- Research article
- Open Access
Predictors of dizziness in older persons: a 10-year prospective cohort study in the community
BMC Geriatrics volume 14, Article number: 133 (2014)
The current diagnosis-oriented approach of dizziness does not suit older patients. Often, it is difficult to identify a single underlying cause, and when a diagnosis is made, therapeutic options may be limited. Identification of predictors of dizziness may provide new leads for the management of dizziness in older patients. The aim of the present study was to investigate long-term predictors of regular dizziness in older persons.
Population-based cohort study of 1,379 community-dwelling participants, aged ≥60 years, from the Longitudinal Aging Study Amsterdam (LASA). Regular dizziness was ascertained during face-to-face medical interviews during 7- and 10-year follow-up. We investigated 26 predictors at baseline from six domains: socio-demographic, medical history, medication, psychological, sensory, and balance/gait. We performed multivariate logistic regression analyses with presence of regular dizziness at 7- and 10-year follow-up as dependent variables. We assessed the performance of the models by calculating calibration and discrimination.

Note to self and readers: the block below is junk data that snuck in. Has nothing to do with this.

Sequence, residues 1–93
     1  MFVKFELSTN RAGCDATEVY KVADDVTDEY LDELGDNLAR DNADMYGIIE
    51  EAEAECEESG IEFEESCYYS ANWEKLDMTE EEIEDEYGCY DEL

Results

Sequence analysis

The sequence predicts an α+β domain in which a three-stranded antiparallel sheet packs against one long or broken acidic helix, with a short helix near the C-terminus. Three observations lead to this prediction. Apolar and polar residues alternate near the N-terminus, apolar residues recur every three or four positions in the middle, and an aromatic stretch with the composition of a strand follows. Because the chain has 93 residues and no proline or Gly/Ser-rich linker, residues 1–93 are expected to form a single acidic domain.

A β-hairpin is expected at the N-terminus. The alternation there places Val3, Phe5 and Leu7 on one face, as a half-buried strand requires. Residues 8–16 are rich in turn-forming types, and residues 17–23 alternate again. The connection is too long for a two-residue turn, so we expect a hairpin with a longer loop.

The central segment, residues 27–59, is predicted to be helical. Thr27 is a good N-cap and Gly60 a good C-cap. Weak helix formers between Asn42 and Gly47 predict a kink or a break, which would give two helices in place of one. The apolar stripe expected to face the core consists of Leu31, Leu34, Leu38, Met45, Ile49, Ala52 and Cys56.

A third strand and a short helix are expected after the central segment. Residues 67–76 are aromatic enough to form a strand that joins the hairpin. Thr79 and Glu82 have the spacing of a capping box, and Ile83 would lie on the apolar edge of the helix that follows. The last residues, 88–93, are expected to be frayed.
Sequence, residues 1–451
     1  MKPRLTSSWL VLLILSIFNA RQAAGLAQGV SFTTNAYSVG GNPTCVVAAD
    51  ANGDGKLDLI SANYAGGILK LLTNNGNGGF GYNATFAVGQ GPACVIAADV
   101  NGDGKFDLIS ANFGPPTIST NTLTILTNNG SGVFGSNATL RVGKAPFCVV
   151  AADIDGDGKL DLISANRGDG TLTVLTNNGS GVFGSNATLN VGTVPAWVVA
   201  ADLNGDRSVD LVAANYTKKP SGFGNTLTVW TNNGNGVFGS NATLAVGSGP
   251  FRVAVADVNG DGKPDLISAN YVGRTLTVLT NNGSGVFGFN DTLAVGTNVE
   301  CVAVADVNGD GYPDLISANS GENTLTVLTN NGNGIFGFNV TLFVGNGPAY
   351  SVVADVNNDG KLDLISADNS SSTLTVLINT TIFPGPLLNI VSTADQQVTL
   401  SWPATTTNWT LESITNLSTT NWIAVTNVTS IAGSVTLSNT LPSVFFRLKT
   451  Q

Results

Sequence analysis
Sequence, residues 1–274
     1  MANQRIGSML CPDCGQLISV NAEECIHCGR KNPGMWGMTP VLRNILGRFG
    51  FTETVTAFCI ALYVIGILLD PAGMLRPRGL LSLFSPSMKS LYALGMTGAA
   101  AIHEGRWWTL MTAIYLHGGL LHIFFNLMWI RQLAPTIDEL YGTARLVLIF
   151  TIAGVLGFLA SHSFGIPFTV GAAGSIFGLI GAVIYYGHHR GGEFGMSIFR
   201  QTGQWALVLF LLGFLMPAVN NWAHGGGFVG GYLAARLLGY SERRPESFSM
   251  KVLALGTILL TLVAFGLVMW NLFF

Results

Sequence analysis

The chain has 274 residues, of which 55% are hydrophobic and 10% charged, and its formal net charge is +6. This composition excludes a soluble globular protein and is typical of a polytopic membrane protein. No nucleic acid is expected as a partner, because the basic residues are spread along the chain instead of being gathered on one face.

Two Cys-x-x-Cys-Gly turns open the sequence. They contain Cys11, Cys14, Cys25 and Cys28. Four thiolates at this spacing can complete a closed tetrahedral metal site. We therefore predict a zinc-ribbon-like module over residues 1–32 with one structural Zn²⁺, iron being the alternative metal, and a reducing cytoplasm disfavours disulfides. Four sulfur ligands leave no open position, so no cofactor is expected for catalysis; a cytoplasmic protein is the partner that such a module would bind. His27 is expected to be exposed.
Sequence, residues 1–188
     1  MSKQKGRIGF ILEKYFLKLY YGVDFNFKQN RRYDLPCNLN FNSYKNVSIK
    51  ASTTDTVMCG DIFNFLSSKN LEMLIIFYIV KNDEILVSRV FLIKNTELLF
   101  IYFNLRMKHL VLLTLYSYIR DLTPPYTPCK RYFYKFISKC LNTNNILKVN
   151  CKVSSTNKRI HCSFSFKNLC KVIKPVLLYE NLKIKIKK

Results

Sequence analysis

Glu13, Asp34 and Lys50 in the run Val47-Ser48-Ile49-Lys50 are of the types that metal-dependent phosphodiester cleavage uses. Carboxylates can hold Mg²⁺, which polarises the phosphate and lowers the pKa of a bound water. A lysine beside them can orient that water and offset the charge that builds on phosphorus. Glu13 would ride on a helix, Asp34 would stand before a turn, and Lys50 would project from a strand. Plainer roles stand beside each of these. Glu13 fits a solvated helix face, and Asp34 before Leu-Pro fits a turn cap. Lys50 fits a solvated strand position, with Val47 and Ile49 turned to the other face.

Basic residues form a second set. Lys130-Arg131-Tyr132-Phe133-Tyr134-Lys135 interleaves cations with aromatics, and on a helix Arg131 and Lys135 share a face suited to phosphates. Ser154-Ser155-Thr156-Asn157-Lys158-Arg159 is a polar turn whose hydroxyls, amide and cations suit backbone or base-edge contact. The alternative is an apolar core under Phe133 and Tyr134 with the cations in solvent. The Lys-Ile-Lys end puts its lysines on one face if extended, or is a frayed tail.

Predictors of regular dizziness at 7-year follow-up were living alone, history of dizziness, history of osteo/rheumatoid arthritis, use of nitrates, presence of anxiety or depression, impaired vision, and impaired function of lower extremities. Predictors of regular dizziness at 10-year follow-up were history of dizziness and impaired function of lower extremities. Both models showed good calibration (Hosmer-Lemeshow P value of 0.36 and 0.31, respectively) and acceptable discrimination (adjusted AUC after bootstrapping of 0.77 and 0.71).